March 20, 2009

Obama Administration Endorses Broad Application of Punitive Damages in Employment Class Actions Without Need for Individual Determinations

The EEOC has recently reversed course and decided to get involved in Dukes v. Wal-Mart Stores, Inc., currently set for oral argument before an en banc panel of the 9th Circuit on March 24. The district court and a divided panel of the Ninth Circuit have previously held that a class of 2 million potential plaintiffs in a gender discrmination lawsuit could be certified and that claims for punitive damages would not be tried on a case-by-case basis. The EEOC had decided not to get involved in this case as it worked its way up through the courts. According to the Recorder, Brad Seligman of the Impact Fund said that the recent amicus brief filing does not represent "a radical new EEOC making this decision." Robin Conrad of the U.S. Chamber of Commerce disagrees, telling the Recorder, "It's very troubling that the Obama administration thinks it might be appropriate to impose massive punitive damages on companies without ever giving them their day in court."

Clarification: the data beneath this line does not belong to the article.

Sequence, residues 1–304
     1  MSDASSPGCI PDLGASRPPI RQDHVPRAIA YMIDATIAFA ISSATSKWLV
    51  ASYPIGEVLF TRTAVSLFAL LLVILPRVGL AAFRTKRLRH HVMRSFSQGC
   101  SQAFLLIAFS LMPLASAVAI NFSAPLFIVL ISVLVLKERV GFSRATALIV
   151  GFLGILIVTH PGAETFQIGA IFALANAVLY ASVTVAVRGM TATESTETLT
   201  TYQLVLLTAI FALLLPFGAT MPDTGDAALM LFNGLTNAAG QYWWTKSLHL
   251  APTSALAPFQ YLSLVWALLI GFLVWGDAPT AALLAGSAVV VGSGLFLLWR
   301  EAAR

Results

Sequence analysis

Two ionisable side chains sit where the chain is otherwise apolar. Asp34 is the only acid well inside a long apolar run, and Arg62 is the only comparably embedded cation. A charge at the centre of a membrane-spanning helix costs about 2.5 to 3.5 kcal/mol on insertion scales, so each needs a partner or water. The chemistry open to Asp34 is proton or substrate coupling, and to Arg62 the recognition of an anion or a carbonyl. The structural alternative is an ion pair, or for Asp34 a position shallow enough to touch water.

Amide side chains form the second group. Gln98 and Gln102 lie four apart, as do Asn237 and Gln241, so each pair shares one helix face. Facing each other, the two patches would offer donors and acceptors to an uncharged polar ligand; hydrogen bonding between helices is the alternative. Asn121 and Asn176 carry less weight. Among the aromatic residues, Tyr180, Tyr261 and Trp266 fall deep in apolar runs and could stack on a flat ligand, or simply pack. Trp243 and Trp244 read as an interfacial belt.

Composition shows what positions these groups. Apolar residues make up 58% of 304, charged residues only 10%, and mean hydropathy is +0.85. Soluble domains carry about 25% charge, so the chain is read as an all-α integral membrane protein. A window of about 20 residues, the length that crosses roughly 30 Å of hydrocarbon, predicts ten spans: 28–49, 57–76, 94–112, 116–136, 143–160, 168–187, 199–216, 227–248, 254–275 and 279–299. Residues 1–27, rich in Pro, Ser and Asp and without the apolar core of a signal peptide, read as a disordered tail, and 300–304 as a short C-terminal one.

In its amicus brief, the EEOC argues that "Punitive damages lend themselves to classwide determination in a Title VII pattern-or-practice case since neither the claim nor the damages focuses on individual victims of discrimination. The focus of a claim under a pattern-or-practice theory is not on individual employment decisions but rather on an overall 'pattern of discriminatory decisionmaking.'"

Wal-Mart's lawyer, Theodore Boutrous Jr. at Gibson, Dunn & Crutcher, called the EEOC's position "fundamentally incorrect."

The composition of the en banc panel suggests that this could be a closely divided opinion. The panel members include Chief Judge Kozinski, and Circuit Judges Reinhardt, Rymer, Hawkins, Silverman, Graber, Fisher, Paez, Berzon, Bea and Ikuta.